October 8, 2020

LEAD Mongolia alumna Enkhbayar Tumurbaatar works as an election observer in June 2020.

By Meghan Burland, Chief of Party, Leaders Advancing Democracy (LEAD) Mongolia

Free and fair elections are often considered a hallmark of democracy. Mongolia was no exception to this on June 24, 2020, when 73 percent of registered voters turned out to vote for the 76 members of the State Great Khural, Mongolia’s unicameral parliament, demonstrating their steadfast commitment to citizen participation in spite of COVID-19 social distancing restrictions and severe weather across the country.

Youth played a significant role in the election, with youth voter turnout at 62 percent for voters aged 18 to 25, an increase from the 2016 youth voter turnout of 50.8 percent. This year’s election also featured an unprecedented number of young candidates running for office as well as youth-led nonpartisan citizen election monitoring efforts.

Alumni from World Learning’s Leaders Advancing Democracy (LEAD) Mongolia program were front and center in election-related activities across the country. As Mongolia prepares for local elections in October 2020, as well as a presidential election next year, LEAD Mongolia and its alumni continue to prioritize increasing young Mongolians’ civic participation and highlighting the work of youth in the country.

LEAD Mongolia is a five-year leadership development program — funded by the U.S. Agency for International Development (USAID) and implemented by World Learning — that brings together young professionals representing different sectors and experiences to take part in civic advocacy and leadership training, exchanges, and community action planning, all aimed at fostering a strong network of young democracy advocates across the country.

Below, four LEAD Mongolia Fellows share their experiences of participating in this year’s important parliamentary election and how their LEAD Mongolia training helped to prepare them.

Erdenetugs Oroolon

Erdenetugs’ official campaign photo.

LEAD 2019 In-Country Program Fellow Erdenetugs Oroolon, an elementary school teacher, ran for a parliamentary seat as a candidate from the New Party under the New Coalition in the 6th District, which comprises Dundgovi and Govisumber aimags (provinces). Erdenetugs decided to run in February 2020, after changes to the electoral law increased the number of seats in his district from one to two, creating new opportunities for first-time and independent candidates. The December 2019 amendments returned Mongolia to a multi-member plurality system.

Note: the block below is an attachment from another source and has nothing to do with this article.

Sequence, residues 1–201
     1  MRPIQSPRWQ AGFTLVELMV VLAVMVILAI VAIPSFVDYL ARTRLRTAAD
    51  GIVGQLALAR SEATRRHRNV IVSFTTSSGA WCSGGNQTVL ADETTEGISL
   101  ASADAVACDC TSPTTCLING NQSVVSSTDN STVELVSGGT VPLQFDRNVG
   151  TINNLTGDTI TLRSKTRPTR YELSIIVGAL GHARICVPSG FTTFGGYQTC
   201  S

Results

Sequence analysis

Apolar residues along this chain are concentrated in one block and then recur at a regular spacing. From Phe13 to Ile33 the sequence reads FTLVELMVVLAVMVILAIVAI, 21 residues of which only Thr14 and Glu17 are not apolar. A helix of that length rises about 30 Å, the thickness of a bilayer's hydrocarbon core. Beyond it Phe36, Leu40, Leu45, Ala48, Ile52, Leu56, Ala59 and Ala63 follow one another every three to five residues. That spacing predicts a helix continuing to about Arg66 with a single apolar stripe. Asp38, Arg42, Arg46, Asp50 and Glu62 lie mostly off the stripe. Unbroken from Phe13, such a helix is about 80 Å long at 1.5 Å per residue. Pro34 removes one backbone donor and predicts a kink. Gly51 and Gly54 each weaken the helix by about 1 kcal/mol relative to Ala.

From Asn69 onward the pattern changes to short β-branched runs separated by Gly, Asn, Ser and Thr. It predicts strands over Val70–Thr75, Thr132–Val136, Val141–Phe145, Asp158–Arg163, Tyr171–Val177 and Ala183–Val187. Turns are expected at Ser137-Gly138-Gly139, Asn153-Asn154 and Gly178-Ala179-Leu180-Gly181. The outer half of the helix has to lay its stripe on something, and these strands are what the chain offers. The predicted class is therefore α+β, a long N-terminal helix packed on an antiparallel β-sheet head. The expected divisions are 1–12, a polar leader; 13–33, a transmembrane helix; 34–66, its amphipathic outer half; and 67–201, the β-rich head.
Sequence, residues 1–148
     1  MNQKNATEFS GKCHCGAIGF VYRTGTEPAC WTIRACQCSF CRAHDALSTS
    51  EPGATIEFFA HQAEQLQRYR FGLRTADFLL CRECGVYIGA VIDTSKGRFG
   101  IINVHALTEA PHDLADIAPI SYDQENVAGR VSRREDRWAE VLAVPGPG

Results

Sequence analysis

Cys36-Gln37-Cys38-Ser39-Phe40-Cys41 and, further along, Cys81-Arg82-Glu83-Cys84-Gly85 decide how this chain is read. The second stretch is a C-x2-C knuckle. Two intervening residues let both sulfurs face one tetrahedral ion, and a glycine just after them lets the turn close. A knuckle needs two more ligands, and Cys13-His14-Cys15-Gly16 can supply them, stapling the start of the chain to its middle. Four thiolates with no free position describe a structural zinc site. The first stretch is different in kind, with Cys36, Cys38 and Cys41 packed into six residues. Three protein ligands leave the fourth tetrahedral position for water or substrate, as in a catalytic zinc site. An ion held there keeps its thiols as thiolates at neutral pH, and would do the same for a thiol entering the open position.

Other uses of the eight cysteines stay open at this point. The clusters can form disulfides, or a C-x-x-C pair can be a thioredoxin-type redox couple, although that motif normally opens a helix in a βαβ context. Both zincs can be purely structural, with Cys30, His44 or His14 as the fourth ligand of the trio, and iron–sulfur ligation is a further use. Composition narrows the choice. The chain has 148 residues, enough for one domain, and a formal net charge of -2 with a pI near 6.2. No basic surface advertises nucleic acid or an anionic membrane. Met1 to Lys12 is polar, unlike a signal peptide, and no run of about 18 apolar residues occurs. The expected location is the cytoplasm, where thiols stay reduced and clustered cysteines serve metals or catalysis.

“As a young professional, I thought I could use this election period as an opportunity to engage with the public and create [a] base of supporters,” says Erdenetugs.

However, he notes, this year’s election was not without its challenges, including the constraints of Mongolia’s traditional two-party system, allegations of vote-buying, a need for strengthened voter education and awareness, and COVID-19 restrictions. Due to the pandemic, candidates were not able to engage in traditional voter outreach during the three-week campaign period, making it difficult for newer parties and first-time, lesser-known candidates to gain the necessary support to win a seat. Erdenetugs also highlighted local difficulties, such as a drought in Dundgovi aimag, that required many herders to migrate to more remote areas for better land, making it more difficult to reach these voters ahead of Election Day.

Erdenetugs focused his policy platform on three major issues: decreasing allegiance to the two-party system and creating room for new, independent candidates; implementing equal distribution of wealth in compliance with citizens’ constitutional rights; and creating a corruption-free society. Although he did not win a seat, Erdenetugs had a fulfilling experience, having learned more about his own strengths and weaknesses, as well as gaining new perspectives from his fellow citizens on how to improve governance systems. He plans to run again in the next election.

On how his LEAD Mongolia experience helped prepare him for his parliamentary run, Erdenetugs explains he leveraged the civic action planning and grassroots-level advocacy skills learned during his time with the program to better connect with voters. Most importantly, his LEAD experience provided him with the power to “shift [my] perspective and challenge myself.”

Delgerzul Lodoisamba and Orgil Dugersuren

Delgerzul and Orgil on election day.

LEAD 2016 U.S. Exchange Program Fellow Delgerzul Lodoisamba and 2019 U.S. Exchange Program Fellow Orgil Dugersuren participated in domestic election observation efforts, organized by local civil society organizations Women for Change, Youth Policy Watch, and the CSO Network for Fair and Just Elections. Prior to this year, both had observed elections through the Organization for Security and Cooperation in Europe’s Office for Democratic Institutions and Human Rights (OSCE/ODIHR) election observation missions, including for the 2013 and 2017 presidential elections and 2016 parliamentary elections. However, due to the COVID-19 pandemic this year, OSCE/ODIHR was unable to deploy a mission, making local civil society observation efforts all the more important.